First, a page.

Cotton:  December cotton futures closed up 51 points at 60.13 cents today and near the session high. For the week, the contract gained 123 points. Today’s moderate gains can be chalked up to a rally in the U.S. and world stock markets amid improved trader and investor risk appetite. What happens in the world stock and financial markets next week will likely be a key driver for the cotton market.The weekly USDA export sales reports on Thursdays will continue to be a trading highlight of the week. Recent cotton futures price weakness spurred a sharp improvement in U.S. export sales for both old- and new-crop delivery in this week’s report. Total sales commitments are equal to 48% of USDA’s annual forecasts, above the prior five-year average of 41%. This week USDA raised the U.S. cotton crop production to a 14-year high, so exports will have to lead rallies. U.S. retail sales surged in July despite worries in the marketplace about a U.S. economic recession being around the corner. Stronger U.S. retail sales into the end of the year would bode well for domestic demand for cotton.

Hogs: Futures closed sharply lower to limit down, extending this week’s decline. October futures closed down the $3.00 maximum to $62.00, with December down $2.975 to $60.775. Hog futures closed at a 12-month low Friday on fears that rising seasonal hog supplies will overwhelm demand. The bearish supply story capped optimism on Thursday despite signs of improving Chinese pork buying. Slaughter this week is estimated at 2.497 million head, up from 2.459 million a year ago.  China made its biggest weekly purchase of U.S. pork in seven weeks in the week ended Aug. 8 despite the government last week telling importers to avoid U.S. farm products. Several weeks of China buying 10,000 MT would turn the market back to the upside. October futures closed at a more than $17 discount to the cash index today. That’s excessive. While investors occupied themselves discussing inverted yield curves and possible recession, the trade war not-so-quietly came roaring back into focus. China said it was preparing retaliatory countermeasures to the new set of tariffs slapped on their goods by the U.S. and said it wants the U.S. to meet it in the middle in the negotiations, a suggestion President Donald Trump was ready to acknowledge. He did say overnight that he would have a phone conversation with President Xi Jinping relatively soon.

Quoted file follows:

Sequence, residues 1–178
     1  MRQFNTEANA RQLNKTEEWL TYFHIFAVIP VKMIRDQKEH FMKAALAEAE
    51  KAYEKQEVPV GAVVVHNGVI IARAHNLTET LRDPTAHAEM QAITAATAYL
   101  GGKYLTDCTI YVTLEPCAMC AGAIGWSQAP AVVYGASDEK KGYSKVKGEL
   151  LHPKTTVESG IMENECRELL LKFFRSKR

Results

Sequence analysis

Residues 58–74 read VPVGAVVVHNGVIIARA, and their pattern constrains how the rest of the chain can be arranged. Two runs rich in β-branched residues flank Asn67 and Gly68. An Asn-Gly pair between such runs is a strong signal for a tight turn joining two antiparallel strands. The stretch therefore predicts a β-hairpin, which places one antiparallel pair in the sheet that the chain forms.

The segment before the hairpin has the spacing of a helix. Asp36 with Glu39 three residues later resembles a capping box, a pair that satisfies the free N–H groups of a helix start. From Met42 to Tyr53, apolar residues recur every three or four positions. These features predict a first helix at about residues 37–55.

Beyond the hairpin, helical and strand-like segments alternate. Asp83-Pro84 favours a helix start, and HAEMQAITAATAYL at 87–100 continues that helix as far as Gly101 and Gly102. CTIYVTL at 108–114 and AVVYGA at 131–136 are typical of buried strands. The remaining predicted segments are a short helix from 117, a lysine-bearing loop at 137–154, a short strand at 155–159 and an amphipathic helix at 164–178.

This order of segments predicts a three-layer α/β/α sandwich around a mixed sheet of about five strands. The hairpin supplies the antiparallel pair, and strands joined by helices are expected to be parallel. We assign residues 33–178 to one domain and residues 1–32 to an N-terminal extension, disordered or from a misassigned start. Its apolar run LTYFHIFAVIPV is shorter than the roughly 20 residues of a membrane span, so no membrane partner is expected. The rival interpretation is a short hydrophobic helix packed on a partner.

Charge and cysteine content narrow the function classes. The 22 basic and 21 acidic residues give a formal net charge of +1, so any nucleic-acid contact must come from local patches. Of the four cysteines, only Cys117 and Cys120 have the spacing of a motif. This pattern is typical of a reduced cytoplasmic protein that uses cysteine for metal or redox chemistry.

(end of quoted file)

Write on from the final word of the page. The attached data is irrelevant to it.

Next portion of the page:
Cattle: August live cattle closed down 27 1/2 cents at $99.925, while the October contract lost 47 1/2 cents to close at $98.05. Prices hit contract lows again today and closed at technically bearish weekly low closes. For the week, October live cattle lost $8.70. November feeder cattle futures closed down 90 cents today and for the week lost $5.525. The U.S. cattle market was hit with one of those rare “market shocks” this week when a fire last Friday at a Tyson Foods beef processing plant near Holcomb, Kansas shuttered the plant for an indefinite period and raised concerns about U.S. slaughter capacity. There are seven other major plants within reasonable proximity that could pick up much of the lost Tyson slaughter capacity, especially with larger Saturday kills. Still, traders don’t like uncertainty and with today’s technically weak closes don’t be surprised to see some follow-through selling pressure in futures early next week. On the positive side of the ledger, cattle marketings remain current. The combination of softer cash cattle prices and soaring boxed beef values this week has pushed packer profit margins to $297.55 a head, according to LLC. That’s giving plants plenty of incentive for aggressive weekly and weekend kills, which should in the coming weeks help to offset the impact of the downed Holcomb, Kansas meat plant.